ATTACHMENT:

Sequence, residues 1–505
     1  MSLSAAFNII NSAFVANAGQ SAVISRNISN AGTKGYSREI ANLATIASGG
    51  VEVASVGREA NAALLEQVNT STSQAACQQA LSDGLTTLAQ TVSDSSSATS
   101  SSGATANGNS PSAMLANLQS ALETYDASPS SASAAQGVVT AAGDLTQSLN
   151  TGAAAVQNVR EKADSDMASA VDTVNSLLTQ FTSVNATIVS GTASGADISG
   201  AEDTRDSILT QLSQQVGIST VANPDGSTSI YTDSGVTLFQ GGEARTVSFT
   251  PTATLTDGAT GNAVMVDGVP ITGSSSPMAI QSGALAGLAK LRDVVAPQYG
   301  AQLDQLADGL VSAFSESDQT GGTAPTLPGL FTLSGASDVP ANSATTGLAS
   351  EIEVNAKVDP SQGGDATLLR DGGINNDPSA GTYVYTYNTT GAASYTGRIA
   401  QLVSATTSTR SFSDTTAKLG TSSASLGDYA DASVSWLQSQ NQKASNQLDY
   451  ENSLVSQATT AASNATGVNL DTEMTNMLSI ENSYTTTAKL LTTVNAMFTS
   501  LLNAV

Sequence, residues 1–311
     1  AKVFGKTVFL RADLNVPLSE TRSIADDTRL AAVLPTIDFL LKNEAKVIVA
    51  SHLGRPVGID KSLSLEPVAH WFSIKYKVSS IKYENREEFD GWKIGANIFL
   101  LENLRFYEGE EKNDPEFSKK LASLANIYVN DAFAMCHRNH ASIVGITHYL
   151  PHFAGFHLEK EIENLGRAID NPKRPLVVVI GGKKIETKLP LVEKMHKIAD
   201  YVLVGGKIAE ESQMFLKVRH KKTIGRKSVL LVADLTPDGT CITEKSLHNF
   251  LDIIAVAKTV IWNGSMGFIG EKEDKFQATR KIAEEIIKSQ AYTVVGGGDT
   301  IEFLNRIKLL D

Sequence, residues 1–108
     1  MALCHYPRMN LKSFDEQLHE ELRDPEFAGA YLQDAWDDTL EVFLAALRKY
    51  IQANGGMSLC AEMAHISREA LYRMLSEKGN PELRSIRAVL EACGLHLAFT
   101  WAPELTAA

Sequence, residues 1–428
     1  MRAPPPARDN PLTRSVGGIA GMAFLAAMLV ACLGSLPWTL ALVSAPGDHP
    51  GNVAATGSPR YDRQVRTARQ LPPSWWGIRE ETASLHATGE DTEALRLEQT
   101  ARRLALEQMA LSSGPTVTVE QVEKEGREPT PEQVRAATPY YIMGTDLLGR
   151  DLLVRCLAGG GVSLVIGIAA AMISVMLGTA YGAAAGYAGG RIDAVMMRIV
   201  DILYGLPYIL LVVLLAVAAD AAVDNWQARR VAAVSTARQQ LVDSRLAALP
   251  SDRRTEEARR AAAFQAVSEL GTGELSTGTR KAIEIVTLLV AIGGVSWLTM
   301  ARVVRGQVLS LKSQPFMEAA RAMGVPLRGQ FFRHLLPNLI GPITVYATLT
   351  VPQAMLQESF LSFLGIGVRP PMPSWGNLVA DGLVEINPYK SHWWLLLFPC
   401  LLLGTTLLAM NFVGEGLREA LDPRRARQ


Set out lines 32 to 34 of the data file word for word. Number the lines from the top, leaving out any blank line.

   301  ARVVRGQVLS LKSQPFMEAA RAMGVPLRGQ FFRHLLPNLI GPITVYATLT
   351  VPQAMLQESF LSFLGIGVRP PMPSWGNLVA DGLVEINPYK SHWWLLLFPC
   401  LLLGTTLLAM NFVGEGLREA LDPRRARQ